But he was wounded because of our crimes, crushed because of our sins; the disciplining that makes us whole fell on him, and by his bruises we are healed. ~ Isaiah 53:5, CJB
Then came the day of matzah, on which the Passover lamb had to be killed. Yeshua sent Kefa and Yochanan, instructing them, ‘Go and prepare our Seder, so we can eat. …As you’re going into the city, a man carrying a jar of water will meet you. Follow him into the house he enters… He will show you a large room upstairs already furnished; make the preparations there.’ They went and found things just as Yeshua had told them they would be, and they prepared for the Seder. …Then, taking a cup of wine, he made the b’rakhah and said, ‘Take this and share it among yourselves. For I tell you that from now on, I will not drink the ‘fruit of the vine’ until the Kingdom of God comes.’ Also, taking a piece of matzah, he made the b’rakhah, broke it, gave it to them and said, ‘This is my body, which is being given for you; do this in memory of me.’ He did the same with the cup after the meal, saying, ‘This cup is the New Covenant, ratified by my blood, which is being poured out for you.’ ~ Luke 22:7-8, 10, 12-13, 17-20, CJB
This year’s Passover began at sundown on March 25, 2013 and ends at sundown on April 2, 2013. Passover commemorates the emancipation of the Israelites from slavery in ancient Egypt. According to the biblical narrative, after the Israelites left Egypt, from 15 Nissan to 22 Nissan, they ate flat unleavened bread or matzah, which also is called the food of faith. Now matzah not only symbolizes faith, but also it represents an afflicted Lord whose body was bruised, beaten, whipped, and eventually crucified and pierced (broken).
During a Jewish Passover Seder meal, after the blessings and the first cup of wine, the washing of hands, and the appetizer, there is the breaking of the middle matzah. Three pierced and striped matzot are stacked on the Passover Seder table, and many people accept that these three pieces of matzah also represent the Trinity: Father, Son, and Holy Spirit.
Be that as it may; usually, during the Passover Seder meal, the Jewish father removes the middle matzah, breaks it, and puts the smaller piece of the broken middle matzah back in the stack between the other two matzot. He then wraps in linen and hides the larger half of this broken middle matzah, for his children to find after the Seder meal has been eaten.
It is important to note here that, symbolically speaking, not only does this literally pierced and striped broken middle matzah additionally represent the bread of affliction, but also, as previously mentioned, it figuratively represents a broken and afflicted Christ Jesus (the Passover Lamb). This wrapped in linen and then hidden matzah is called the afikoman (also spelled afikomen), which means “that which comes after.” It should be clear that this afikoman also represents the burial of the crucified Lord, whose body was bruised for the world’s iniquities, whose back bore the stripes of the punishment meant for all sinners, and whose side was pierced so that His cleansing blood and living water could gush out onto and into this sin-sick world.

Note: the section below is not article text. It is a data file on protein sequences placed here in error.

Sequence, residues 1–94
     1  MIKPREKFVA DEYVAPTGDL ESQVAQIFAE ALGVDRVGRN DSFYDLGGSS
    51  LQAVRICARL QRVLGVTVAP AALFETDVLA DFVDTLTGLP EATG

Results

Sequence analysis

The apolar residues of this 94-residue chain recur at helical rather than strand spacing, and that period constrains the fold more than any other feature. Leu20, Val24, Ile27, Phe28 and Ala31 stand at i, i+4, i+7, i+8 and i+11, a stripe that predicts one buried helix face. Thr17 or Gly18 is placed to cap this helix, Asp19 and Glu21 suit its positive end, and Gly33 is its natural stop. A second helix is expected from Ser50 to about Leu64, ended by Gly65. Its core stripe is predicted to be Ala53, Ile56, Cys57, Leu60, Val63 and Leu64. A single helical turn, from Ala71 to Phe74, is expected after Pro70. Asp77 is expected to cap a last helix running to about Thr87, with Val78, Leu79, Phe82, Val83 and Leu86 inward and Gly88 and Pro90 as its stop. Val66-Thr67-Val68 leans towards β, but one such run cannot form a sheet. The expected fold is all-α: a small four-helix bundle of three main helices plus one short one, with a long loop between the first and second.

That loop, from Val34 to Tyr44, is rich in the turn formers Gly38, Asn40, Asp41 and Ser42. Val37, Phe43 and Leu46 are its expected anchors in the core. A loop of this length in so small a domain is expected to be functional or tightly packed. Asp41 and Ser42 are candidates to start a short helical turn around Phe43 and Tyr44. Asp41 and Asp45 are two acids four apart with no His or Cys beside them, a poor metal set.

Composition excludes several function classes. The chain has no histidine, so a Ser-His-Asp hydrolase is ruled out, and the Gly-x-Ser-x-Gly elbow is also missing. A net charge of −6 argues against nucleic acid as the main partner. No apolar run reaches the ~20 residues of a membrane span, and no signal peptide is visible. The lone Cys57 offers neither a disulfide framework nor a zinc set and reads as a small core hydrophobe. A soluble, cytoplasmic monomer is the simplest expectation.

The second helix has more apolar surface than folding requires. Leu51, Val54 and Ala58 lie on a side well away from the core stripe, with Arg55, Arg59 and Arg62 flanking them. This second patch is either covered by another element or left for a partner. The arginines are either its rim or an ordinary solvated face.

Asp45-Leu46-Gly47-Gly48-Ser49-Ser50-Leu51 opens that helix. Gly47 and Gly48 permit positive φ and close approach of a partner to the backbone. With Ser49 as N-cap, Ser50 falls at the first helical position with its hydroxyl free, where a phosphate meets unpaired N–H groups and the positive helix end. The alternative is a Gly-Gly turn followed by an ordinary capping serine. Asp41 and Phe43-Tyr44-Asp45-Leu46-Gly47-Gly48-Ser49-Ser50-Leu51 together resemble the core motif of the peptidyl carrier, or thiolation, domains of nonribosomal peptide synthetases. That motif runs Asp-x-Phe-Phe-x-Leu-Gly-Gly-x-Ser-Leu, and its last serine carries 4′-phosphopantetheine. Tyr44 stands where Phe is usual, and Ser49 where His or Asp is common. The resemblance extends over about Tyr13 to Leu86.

Now what also is important about this afikoman is that after the food on the Passover Seder table has been eaten, the children look for the hidden afikoman. When it is found, since it is the last item of food to be eaten during the Passover Seder meal, this afikoman is treated like dessert, only it is not sweet. Traditionally, after the family eats the afikoman no other food may be eaten for the rest of the night.
It should be obvious that God purposely intended that the physical appearance of the matzah, with its piercings (holes), stripes (rows), brown spots from baking, and no leaven, would resemble the pierced, striped, and bruised body of Christ Jesus, who was without sin. God allowed this affliction to come upon the Lord so that He could ransom lost souls, as well as purchase every believer’s healing. Then a full of Grace and Mercy God, by way of His Holy Spirit, resurrected His only begotten Son.
For these reasons, Christians (Gentiles and Jews) can rejoice during the Passover/Unleavened Bread festivities, because they know that after their Savior spent three nights and three days in the grave, their crucified and buried Lord arose on the Feast of Firstfruits as The Firstfruits of those who have died (cf. 1 Corinthians 15:20-22). For sure, just like God raised a striped, bruised, crucified and pierced (broken) Christ Jesus from the dead, the dead in Christ also will rise, receive their glorified bodies, and meet Him in the air, and they will be followed by the raptured glorified alive in Christ (cf. 1 Thessalonians 4:13-17).
Put differently, the hidden afikoman is dessert indeed, for it represents to Christians that the once crucified, dead and buried, but now risen Lord will come for His Bride, as well as come on the clouds for the entire world not only to see but also to worship Him. Truly that is a sweet dessert, way better for the body, soul, and spirit than the healthy but bland afikoman! Hallelujah!
To everyone who observes this eight-day Passover festival, have a very happy and kosher Passover!